Exhibition expedition

By GREG COOK  |  June 14, 2006

“American Splendor: Hudson River School Masterworks from the Wadsworth Atheneum,” Wadsworth Atheneum, Hartford, CT, June 2 through December 31
This is a collection of 60 swooning landscapes by American painters associated with the 19th-century Hudson River School — Thomas Cole, Frederic Church, Albert Bierstadt, Sanford Gifford, and John Kensett. These vistas of New Hampshire’s White Mountains, the Catskills, Niagara Falls, Maine’s Mount Desert Island, and, of course, the Hudson River speak to the promise of America’s natural resources, while simultaneously revealing the artists’ nostalgia for an already-tamed wildernesses.


FROM THE PRIVATE COLLECTION: Frederic Church’s Twilight at the Portland Museum of Art.
“Treasures from Olana: Landscapes by Frederic Edwin Church,” Portland Museum of Art, Portland, ME, through September 10
Frederic Church was trained by Hudson River School founder Thomas Cole and went on to become a major landscape painter in his own right. See these 18 oil, watercolor, and drawn studies of Maine, Jamaica, the Near East, and Germany taken from Olana, Church’s home in upstate New York.
Afterward, you can study Portland’s own Church canvas, an 1895 rendering of Maine’s Mount Katahdin.

While you’re there, check out the summer exhibition of a 15th-century Mona Lisa, which the museum bills as “either a preparatory study for the Mona Lisa by Leonardo himself, or a copy painted by one of his followers shortly after the creation of the original.” It looks a lot like the original, but I’m dubious about Leonardo’s involvement (the facial anatomy is off, the colors seem unusual for Leonardo, and, if it’s really a Leonardo, how come they usually hide the thing?). Decide for yourself.

“Ahistoric Occasion: Artists Making History,” Mass MoCA, North Adams, MA, May 27 through Spring 2007
Eleven contemporary artists weigh in on how we remember and misremember history in our reality-TV era. Works include Jeremy Deller’s filmed re-enactment of a 1984 British coal miners’ strike (complete with “1000 fake bricks for miners to throw”); Allison Smith’s arrangement of rifles, sabers, and pistols as folk-art wall decorations; Greta Pratt’s photo of Lincoln impersonators posed as if they were in one of Mathew Brady’s classic Civil War photos; and Kerry James Marshall’s searing examination of the portrayal of blacks in Western art via his paintings, sculptures, and comics.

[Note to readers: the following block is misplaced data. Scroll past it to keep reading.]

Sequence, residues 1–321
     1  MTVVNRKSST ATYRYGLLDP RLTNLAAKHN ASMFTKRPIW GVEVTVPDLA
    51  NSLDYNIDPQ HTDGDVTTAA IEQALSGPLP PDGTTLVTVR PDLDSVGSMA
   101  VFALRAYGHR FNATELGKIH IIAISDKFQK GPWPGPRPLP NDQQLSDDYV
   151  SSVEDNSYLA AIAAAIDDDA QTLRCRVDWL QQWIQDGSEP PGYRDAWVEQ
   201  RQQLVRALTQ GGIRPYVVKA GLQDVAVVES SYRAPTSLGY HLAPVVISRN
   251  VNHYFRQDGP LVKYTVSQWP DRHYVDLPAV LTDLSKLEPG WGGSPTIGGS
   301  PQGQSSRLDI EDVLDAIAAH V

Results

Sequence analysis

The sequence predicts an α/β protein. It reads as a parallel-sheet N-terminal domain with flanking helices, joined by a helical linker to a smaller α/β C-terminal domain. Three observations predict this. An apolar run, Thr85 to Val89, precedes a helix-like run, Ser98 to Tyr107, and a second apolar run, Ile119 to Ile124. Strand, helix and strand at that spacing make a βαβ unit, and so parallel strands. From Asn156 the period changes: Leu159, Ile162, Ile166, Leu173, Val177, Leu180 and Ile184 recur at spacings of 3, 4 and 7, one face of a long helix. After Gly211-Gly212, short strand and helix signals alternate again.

Also check out Carsten Höller’s Amusement Park (open through October). He runs actual carnival rides like the Gravitron, bumper cars, and Twister in slow-mo to, like, blow your mind.

“Back to the Future: Re-Viewing the Twentieth Century,” RISD Museum, Providence, RI, July 21 through April 22, 2007
The RISD Museum rewinds 20th-century art with the greatest hits from its permanent collection — Kara Walker, Jackson Pollock, Mark Rothko, Henri Matisse, Marcel Duchamp, Pablo Picasso, Georges Braque — and highlights links between past and present. The museum is testing ideas for how it will re-install its 20th-century works once a new addition opens in 2008.

On the Web
Peabody Essex Museum: http://www.pem.org
Shelburne Museum: http://www.shelburnemuseum.org
RISD Museum: http://www.risdmuseum.org
Aldrich Contemporary Museum: http://www.aldrichart.org
Bates College Museum of Art: http://www.bates.edu/museum.xml
Worcester Art Museum: http://www.worcesterart.org
Wadsworth Atheneum: http://www.wadsworthatheneum.org
Portland Museum of Art: http://www.portlandmuseum.org
Mass MoCA: http://www.massmoca.org

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